Baptist conventions have a built in system of self-preservation when it comes to making any kind of change. The procedures for making changes in their constitutions and bylaws require advance notification at convention meetings and in most cases, two thirds votes at consecutive annual meetings in order to be implemented. Within the process of presentation itself, there are places where those who desire to resist the changes, for whatever reason, can do so. Generally, those who serve on the committees through which such recommendations must go are in a position to derail changes. With that in mind, there are a couple of changes I would like to propose for the BGCT’s consideration beginning in November.
There have been times when the constitution and bylaws of the BGCT have been altered to change the makeup of the convention’s leadership in response to criticism related to influence peddling, and entrenched, bureaucratic leadership that represents only a narrow perspective in the convention, controlled by a small group of people through personal relationships. At some point, the executive board and trustee boards were opened up to broader representation of lay people, with a percentage of seats allocated for those who were not in vocational ministry, because of the perception that pastors were dominating the show. I believe there is now a perception, and it can be demonstrated to be accurate with evidence, that a narrow group of individuals calls the shots in the BGCT. In November, some proposals will be made to change bylaws and the constitution to end the ability of a small interest group to control the convention’s boards and committees and put a stop to the ability of certain people to rotate from board to board, committee to committee. In addition, these proposals will open up the opportunity to serve the BGCT in leadership to individuals in churches all across the state.
Amendments to the constitution will be proposed which will aim at doing the following:
1. An amendment will be proposed which limits the number of members of any particular BGCT church serving on the boards and committees of the BGCT to one at a time. For example, if your church has a member serving on the UMHB board of trustees, it cannot have any additional members on any other boards of any affiliated institutions, or any BGCT board.
2. An amendment will be proposed which limits the number of terms that any individual can serve as a member of a BGCT board or committee, or member of the board of an affiliated institution to two. Once someone has served two terms on any BGCT related board, they are no longer eligible for service on any other board.
3. An amendment will be proposed which prevents spouses of individuals who have served or are serving on boards from being nominated to serve on any board or committee of the BGCT or its related institutions. This means that if your husband or wife has served their customary terms on any board, you are not eligible to serve.
There are those who will say this won’t work, or it is not fair, or it is too restrictive, or it cannot be done. They will likely be those who do not see a problem with a single agenda controlling the convention, or with the influence peddling and the good ole boy system that is currently in place and which, IMHO, is at least partly responsible for the perceptions which have helped create a divide in Texas Baptist life, and a drop off in financial support for the cooperative ministries that the BGCT operates. Generally, I expect that opposition to the proposals will come from those who are in a position to benefit the most from being involved in the good ole boy system as it currently exists.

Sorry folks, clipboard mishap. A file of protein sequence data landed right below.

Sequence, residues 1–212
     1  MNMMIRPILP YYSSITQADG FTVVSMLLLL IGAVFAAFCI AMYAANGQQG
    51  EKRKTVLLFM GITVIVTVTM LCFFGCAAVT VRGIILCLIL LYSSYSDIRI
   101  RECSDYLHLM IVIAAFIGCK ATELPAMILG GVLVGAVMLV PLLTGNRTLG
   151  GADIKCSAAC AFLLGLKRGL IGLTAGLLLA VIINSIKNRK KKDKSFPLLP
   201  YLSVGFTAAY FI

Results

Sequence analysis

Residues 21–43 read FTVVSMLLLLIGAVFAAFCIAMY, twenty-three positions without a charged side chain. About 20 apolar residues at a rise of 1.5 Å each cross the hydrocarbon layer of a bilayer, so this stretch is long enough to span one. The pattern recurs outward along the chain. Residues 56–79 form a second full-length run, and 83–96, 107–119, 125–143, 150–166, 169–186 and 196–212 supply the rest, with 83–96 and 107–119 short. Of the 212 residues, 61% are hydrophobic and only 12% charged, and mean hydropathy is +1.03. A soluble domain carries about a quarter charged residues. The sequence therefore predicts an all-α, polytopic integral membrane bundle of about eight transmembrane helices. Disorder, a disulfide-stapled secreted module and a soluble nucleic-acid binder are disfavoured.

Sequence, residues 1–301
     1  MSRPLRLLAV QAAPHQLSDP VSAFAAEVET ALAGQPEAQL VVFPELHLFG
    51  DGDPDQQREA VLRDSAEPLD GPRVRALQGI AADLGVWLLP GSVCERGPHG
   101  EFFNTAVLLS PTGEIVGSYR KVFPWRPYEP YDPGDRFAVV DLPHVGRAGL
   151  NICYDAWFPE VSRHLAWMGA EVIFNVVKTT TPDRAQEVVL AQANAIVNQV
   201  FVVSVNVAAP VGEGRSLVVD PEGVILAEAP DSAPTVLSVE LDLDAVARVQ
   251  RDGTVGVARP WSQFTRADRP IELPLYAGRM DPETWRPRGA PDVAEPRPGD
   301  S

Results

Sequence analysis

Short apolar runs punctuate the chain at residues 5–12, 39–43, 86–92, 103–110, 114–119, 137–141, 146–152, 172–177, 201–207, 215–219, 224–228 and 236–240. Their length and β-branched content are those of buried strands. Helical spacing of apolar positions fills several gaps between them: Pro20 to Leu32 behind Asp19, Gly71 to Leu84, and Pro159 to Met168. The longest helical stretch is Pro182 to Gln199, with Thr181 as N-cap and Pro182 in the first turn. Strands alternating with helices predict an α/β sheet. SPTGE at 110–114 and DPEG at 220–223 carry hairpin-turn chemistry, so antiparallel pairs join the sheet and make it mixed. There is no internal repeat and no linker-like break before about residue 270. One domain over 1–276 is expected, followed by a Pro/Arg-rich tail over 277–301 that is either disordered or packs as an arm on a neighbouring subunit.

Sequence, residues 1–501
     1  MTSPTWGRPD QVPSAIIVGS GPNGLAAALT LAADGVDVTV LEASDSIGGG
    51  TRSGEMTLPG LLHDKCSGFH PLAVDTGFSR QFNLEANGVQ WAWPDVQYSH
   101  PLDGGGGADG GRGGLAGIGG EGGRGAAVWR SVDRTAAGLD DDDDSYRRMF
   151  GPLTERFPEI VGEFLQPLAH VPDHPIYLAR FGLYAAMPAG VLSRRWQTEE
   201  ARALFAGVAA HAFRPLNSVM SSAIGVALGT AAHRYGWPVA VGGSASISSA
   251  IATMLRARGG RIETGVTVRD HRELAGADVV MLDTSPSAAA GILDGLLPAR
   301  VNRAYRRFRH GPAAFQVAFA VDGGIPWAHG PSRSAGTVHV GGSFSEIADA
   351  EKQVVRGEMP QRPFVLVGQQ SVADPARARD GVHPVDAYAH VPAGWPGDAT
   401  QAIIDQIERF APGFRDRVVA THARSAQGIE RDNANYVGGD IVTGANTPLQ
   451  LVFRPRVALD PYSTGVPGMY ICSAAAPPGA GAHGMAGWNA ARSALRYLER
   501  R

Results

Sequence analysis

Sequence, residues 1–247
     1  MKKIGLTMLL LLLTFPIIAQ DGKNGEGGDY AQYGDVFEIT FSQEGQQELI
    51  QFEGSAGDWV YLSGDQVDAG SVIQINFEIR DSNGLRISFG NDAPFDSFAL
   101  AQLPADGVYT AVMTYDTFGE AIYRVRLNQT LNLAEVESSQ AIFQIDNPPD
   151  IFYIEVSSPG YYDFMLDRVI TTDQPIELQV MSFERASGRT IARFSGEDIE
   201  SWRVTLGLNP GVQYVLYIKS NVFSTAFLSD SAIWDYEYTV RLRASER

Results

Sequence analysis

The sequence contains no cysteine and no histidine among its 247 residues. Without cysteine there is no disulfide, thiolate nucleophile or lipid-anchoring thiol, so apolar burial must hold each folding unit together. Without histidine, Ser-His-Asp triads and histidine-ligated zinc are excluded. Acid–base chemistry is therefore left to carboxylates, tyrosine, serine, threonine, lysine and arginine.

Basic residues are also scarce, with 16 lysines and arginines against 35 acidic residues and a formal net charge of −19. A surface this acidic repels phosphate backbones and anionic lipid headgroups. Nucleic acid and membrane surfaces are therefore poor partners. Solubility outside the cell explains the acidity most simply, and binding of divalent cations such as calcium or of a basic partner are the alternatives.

The fact of the matter is that even though our membership figure of more than 2 million is probably not representative of our actual participation or active membership, limiting churches to one member at a time on boards and limiting individuals to two terms on any board, as well as excluding spouses of those who have served, will only broaden the leadership tent. It would take a long, long time to exhaust the available human resources. And it is conceivable that many of those who would be brought into leadership service couldn’t care less about being politically correct, and would actually serve the best interests of Texas Baptists and their institutions, rather than considering themselves representatives of a particular agenda.
The benefits of such proposals to the BGCT would be immediately felt. What better way for churches to feel connected to the state convention, and thus more willing to be supportive of it, than to have one of their members involved in its leadership. With more than a hundred churches represented during each term of service, and new churches being added with each new nominee, the programs and emphases of the BGCT would be increasingly communicated and people wouldn’t feel, as many do now, that the state convention is out of touch with their church, or that things the BGCT does are either kept secret or sprung as surprises.
If these kinds of constitutional changes are brought to the floor of the BGCT, and are fairly communicated to messengers, I believe the majority of Texas Baptists would welcome them. The problem would appear to be getting the amendments through committees to the floor for a vote. I’m hoping that there will be others who will join in to make sure that everyone has a chance to give them a fair consideration.